Since childhood, I can remember Byron Allen having some influence over Black culture and entertainment. From onscreen personality to behind the scenes media mogul, Allen must be one of the more underrated Black businessmen in America.
About two weeks ago, I happened to be up on the late night tip, around midnight, possibly 1 a.m. Flipping through channels I happened to see the words “paid programming” pop up as the description for a show that was currently on commercial break.
Before I could change the channel the show restarted and I saw that while it was paid programming, it was a show I recognized. A few years ago, there were two new shows I noticed only on late night weekend television. One show depicted a Black family living in the white house, the other told the story of an actor convicted of a crime and sentenced to teach in a local high school.
Each of these shows which I later identified to be “The First Family” and “Mr. Box Office” both featured well known Black actors and comedians. “Mr. Box Office” stars Bill Bellamy (How to Be a Player), Vivica A Fox( Kill Bill), Tim Meadows ( SNL) to name a few. “The First Family” features Marla Gibbs of “227” fame, John Witherspoon ( Friday), Kellita Smith ( the Bernie Mac Show) and Christopher B. Duncan ( The Jamie Foxx Show).
They are both positive, funny shows where the stars aren’t killing people, selling drugs, trying to make it in the entertainment industry or highlighting negativity and impossible lifestyles. The shows center on family and friendships, positive themes and values, such as great Black shows of the 90’s.
I was extremely bothered by the fact that in order to get these great, positive shows on television, the producer and creator, Byron Allen, has to pay to have them aired. Aired in the middle of the night, on a weekend, when most people aren’t watching television, what does that say about the state of good Black programming?
Is the only way to provide quality Black programming that is not meant to divide, push negative stereotypes and influence to finance it yourself and take any spot you can get? You would think with so many talented Black actors in each show they would be picked up for prime time. However, each of these shows have been around for 3 years or more and have not been picked up by a major network or streaming service.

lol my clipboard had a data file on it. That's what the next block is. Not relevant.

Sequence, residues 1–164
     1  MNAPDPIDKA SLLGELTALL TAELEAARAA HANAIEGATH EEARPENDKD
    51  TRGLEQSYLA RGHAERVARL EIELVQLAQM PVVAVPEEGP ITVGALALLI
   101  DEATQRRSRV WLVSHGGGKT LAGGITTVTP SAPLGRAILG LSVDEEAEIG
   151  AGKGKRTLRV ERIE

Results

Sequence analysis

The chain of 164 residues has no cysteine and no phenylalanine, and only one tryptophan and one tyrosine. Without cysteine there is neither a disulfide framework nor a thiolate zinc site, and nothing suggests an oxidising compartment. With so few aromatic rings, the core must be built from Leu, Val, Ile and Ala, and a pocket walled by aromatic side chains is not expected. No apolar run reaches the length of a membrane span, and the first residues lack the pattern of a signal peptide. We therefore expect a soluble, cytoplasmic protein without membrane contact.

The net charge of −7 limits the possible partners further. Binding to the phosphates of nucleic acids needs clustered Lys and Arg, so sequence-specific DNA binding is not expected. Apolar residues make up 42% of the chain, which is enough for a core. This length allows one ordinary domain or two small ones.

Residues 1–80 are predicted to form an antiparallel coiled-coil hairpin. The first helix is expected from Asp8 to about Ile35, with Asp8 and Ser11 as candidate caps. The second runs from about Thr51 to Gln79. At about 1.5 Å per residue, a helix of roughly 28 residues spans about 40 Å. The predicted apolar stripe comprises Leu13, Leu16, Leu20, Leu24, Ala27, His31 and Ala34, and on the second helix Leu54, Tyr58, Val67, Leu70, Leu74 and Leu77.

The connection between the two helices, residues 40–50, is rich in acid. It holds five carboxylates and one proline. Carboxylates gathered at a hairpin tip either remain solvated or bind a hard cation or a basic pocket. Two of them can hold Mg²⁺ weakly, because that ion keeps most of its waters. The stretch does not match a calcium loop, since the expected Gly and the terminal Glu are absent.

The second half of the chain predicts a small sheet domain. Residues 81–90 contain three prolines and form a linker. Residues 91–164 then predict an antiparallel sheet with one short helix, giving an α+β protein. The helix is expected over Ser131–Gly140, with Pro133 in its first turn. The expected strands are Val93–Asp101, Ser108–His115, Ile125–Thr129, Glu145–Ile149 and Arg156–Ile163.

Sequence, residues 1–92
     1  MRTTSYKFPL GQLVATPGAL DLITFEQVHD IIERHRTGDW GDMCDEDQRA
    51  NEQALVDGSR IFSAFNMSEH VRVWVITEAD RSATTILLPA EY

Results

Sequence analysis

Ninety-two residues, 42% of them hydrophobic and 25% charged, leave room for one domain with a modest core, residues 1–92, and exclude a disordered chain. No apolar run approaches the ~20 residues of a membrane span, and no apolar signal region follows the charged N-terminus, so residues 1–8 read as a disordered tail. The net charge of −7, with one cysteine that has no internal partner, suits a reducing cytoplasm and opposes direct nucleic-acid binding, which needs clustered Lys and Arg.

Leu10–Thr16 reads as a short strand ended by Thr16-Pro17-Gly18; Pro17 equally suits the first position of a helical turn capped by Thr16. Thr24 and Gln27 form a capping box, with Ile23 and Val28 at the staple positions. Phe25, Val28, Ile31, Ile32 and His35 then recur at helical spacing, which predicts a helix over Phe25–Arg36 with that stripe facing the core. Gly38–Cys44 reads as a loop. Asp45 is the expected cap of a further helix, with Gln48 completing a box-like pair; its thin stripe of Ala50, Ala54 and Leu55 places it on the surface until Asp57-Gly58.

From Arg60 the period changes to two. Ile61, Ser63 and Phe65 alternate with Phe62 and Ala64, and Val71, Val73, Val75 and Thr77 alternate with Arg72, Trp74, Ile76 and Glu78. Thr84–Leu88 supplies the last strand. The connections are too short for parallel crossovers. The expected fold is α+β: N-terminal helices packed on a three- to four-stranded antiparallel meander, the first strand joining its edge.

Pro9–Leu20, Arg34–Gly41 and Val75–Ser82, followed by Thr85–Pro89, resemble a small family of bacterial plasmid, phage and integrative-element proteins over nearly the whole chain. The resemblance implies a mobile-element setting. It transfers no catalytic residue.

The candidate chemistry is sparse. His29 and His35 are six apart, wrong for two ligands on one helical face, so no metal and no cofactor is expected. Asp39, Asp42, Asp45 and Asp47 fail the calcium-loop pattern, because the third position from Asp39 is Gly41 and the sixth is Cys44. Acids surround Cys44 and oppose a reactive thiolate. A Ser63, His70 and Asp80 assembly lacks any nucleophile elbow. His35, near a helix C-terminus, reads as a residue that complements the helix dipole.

Byron Allen has been the creative force behind some of your favorite shows. He has executive produced “Justice with Judge Mablean”, “Justice for All with Judge Christina Perez” “Comics Unleashed” “Supreme Justice with Judge Karen” “We the People with Gloria Allred” and many other shows. Allen is also a writer, director, and actor.
Byron Allen was born in Detroit in 1961. By the age of 14 he had put together his first stand-up comedy routine and after performing in L.A. was discovered by Jimmy “J.J.” Walker.
That was the start of a career in entertainment he has never looked back from. At just 18, he performed on “The Tonight Show Starring Johnny Carson” From there the world got to really know Byron Allen through his show “Kickin’ It with Byron Allen” which focused on interviews with celebrities, movie reviews, and updates on the entertainment industry.
Over 30 years ago, he started his still functioning media company, Entertainment Studios, which was his first step into television production.
In 2009 Byron Allen launched six 24-hour HD television networks.
Allen’s company, Entertainment studios, sells, produces and distributes content for 32 different television shows. Byron Allen’s Net worth is estimated at $300 million. This Black History Month, we celebrate Byron Allen, who has worked so hard to provide quality Black television programming for three decades.